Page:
9 months ago

Alright, say if you have a shop that sells Apple products.

By that rationale, Apple should be able to advertise in YOUR shop that customers can buy those products cheaper from them directly and you must let them do that ?
That’s redundant because Apple will never be the cheaper option. Also there isn’t even an option to go buy elsewhere with the AppStore being the only source. You can buy a game for your Nintendo at Walmart but you can also decide to buy it more expensive on the Nintendo Online Store. Apple doesn’t even give you the option


Exactly, You as a store owner would tell Apple get the F out! That applies to any and all sales, I have a supermarket and on the shelves above every item, I will have a sign telling you where to get it for a lower cost.

It costs Apple....or Google, or whatever app store money to host the apps. Server space, utilities to run servers, engineers to maintain them, etc. Why should I give that away for free as a for profit business. I could be wrong, but if it was not for Apple and the app store in he first place, more than half of these developers would not exist.
I thought that’s what the 99 dollars per year is already for?


If Apple cannot generate revenue from the App Store then what is the business motivation for having it? Is the App Store to be regulated into a free service for developers that Apple is required to provide and lose money on? Apple gets nothing for its efforts? It certainly looks that way. You know it wasn’t that long ago that developers had to fend for themselves and do all of the marketing and rely on word of mouth to get traction for their softwares. How many small time developers went belly up because they didn’t have the resources to promote their products?
Yes and no. Apple needs developers to develop apps just as much as the devs need Apple. Without apps, iOS would have become another Windows Mobile and the iPhone less interesting. Imagine if FB stopped offering FB, Instagram and WhatsApp on iOs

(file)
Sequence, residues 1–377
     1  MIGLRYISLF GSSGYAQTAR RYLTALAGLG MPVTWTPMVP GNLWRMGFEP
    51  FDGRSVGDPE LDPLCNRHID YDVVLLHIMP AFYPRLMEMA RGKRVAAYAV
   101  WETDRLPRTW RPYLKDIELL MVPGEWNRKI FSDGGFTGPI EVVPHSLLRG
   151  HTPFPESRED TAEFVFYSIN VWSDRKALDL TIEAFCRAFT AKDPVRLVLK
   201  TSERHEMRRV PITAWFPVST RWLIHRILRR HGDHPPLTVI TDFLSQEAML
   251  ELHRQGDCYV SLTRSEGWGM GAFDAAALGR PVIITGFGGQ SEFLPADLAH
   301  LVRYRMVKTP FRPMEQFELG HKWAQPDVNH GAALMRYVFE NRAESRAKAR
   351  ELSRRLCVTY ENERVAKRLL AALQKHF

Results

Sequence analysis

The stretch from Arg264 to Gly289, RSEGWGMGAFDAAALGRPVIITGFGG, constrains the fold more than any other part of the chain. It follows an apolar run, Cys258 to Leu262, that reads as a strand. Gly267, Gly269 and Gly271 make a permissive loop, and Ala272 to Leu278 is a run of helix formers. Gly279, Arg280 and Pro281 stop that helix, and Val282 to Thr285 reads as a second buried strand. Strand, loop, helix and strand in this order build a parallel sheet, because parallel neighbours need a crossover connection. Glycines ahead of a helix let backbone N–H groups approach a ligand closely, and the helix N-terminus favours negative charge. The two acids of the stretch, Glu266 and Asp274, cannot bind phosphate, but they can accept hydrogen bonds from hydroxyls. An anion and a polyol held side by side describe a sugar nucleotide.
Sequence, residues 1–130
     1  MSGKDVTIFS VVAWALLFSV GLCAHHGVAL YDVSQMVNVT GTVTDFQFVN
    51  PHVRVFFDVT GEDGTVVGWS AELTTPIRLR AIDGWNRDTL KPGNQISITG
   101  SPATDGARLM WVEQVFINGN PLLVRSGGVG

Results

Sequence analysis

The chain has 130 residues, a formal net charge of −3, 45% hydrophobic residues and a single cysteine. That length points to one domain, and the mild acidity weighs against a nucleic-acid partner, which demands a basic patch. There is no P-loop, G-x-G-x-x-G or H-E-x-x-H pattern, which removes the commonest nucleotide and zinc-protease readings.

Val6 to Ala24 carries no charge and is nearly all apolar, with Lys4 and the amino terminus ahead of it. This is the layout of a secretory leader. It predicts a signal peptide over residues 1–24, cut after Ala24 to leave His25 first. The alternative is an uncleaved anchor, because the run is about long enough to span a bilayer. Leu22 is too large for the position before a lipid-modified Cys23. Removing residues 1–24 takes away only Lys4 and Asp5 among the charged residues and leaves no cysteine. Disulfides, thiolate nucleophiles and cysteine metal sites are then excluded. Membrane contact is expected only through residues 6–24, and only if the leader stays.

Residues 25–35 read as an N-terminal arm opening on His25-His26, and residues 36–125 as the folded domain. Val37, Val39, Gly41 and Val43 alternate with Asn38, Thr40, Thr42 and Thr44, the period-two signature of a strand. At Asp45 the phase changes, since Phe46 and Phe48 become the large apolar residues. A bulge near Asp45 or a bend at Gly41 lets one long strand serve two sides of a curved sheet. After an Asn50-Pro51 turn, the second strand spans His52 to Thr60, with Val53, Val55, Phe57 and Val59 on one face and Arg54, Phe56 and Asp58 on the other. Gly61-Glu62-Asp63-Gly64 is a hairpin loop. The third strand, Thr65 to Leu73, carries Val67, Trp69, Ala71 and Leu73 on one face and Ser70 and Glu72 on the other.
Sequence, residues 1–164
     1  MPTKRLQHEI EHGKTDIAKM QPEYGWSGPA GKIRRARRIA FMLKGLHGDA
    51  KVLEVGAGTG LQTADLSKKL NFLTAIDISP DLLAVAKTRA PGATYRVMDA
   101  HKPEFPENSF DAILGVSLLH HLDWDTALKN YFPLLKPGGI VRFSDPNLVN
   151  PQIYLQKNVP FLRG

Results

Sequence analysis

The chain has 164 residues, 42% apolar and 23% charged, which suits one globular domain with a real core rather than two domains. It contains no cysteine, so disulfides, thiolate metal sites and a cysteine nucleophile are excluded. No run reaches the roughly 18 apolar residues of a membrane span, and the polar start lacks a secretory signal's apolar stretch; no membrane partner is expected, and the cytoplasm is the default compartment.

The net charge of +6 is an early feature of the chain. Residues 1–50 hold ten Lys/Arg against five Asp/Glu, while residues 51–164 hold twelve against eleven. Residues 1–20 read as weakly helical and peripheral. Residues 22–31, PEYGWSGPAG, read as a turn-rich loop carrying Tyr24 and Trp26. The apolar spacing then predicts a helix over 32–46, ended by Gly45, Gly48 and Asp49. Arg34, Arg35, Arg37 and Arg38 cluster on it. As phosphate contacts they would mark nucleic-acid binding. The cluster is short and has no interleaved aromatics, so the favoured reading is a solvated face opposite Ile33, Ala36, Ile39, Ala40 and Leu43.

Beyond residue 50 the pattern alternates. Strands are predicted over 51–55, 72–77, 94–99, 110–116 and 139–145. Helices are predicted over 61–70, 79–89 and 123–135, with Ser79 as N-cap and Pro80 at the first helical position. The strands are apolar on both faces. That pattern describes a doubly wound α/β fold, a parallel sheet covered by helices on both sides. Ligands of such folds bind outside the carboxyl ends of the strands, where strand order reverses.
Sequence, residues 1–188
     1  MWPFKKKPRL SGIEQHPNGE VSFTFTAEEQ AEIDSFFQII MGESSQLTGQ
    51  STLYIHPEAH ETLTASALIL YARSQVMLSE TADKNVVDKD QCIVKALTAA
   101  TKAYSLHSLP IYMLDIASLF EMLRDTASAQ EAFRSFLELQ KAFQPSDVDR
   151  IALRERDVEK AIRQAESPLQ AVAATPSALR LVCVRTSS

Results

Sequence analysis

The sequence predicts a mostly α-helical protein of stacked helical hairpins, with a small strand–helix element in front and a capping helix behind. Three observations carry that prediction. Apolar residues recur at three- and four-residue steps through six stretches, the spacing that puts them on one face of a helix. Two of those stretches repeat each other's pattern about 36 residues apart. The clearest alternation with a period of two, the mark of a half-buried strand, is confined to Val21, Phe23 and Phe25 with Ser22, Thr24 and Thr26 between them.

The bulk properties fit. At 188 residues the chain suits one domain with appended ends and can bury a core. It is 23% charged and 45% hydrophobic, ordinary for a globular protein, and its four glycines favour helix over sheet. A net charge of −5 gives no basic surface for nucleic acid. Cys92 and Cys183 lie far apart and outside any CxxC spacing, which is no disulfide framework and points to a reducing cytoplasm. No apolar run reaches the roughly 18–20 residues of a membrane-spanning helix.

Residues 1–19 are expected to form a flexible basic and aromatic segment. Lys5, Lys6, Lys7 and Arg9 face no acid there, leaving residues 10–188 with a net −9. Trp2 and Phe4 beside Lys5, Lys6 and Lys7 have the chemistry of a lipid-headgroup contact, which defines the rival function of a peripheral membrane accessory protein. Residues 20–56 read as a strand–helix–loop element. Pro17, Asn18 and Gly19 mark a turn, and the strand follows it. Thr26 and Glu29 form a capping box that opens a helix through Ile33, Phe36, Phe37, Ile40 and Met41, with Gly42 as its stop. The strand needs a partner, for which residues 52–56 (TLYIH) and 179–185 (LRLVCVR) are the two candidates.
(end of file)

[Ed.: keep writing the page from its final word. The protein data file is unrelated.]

Score: 3 Votes (Like | Disagree)
Wildkraut Avatar
9 months ago

Apple has been a closed ecosystem from day one. As a developer if you didn't see that up front you are either blind or nieve....OR...just plain greedy. That closed app store has made a lot of money for a lot of developers. I can't even begin to count how many .99 apps I bought...knowing that it's most like junk, or ehh, but an .99 who cares. If globally, 10,000 people did the same and the developers get .666 on the dollar that means they just made $6,666.00
Sounds like you love to pay 0.99 for junk!
Mind if i sell you a bit of garbage out of our trash can?
Score: 3 Votes (Like | Disagree)
Stratus Fear Avatar
9 months ago

This one seems quite reasonable. Not allowing other payment options is one thing, not being able to promote "out of App Store" possibilities another.
Normally I'm on Apple's side on a lot of their platform decisions, but I agree, this probably isn't unreasonable. In my opinion, if Apple really wants developers to use IAP, even for services Apple largely is not providing in a third-party app, e.g. media content delivery related transactions, like ebooks and music/video subscriptions, I don't see why they can't compromise on their 30% for certain categories such as those and make the fee similar to what credit card processors charge (something like 1%-3%). They'd still have the massive 30% cut from traditional IAP like DLCs for game apps and other stuff where content delivery is solely from the App Store. Seems like that could be a compromise that makes most people happy.
Score: 2 Votes (Like | Disagree)
jonblatho Avatar
9 months ago

I know exactly what you said. If I were Apple, I wouldn't kow-tow to this directly. What Apple does, however, is anybody's guess.
If you can’t see that the hammer of regulation is coming eventually if Apple keeps marching down this path, I can’t help you.
Score: 2 Votes (Like | Disagree)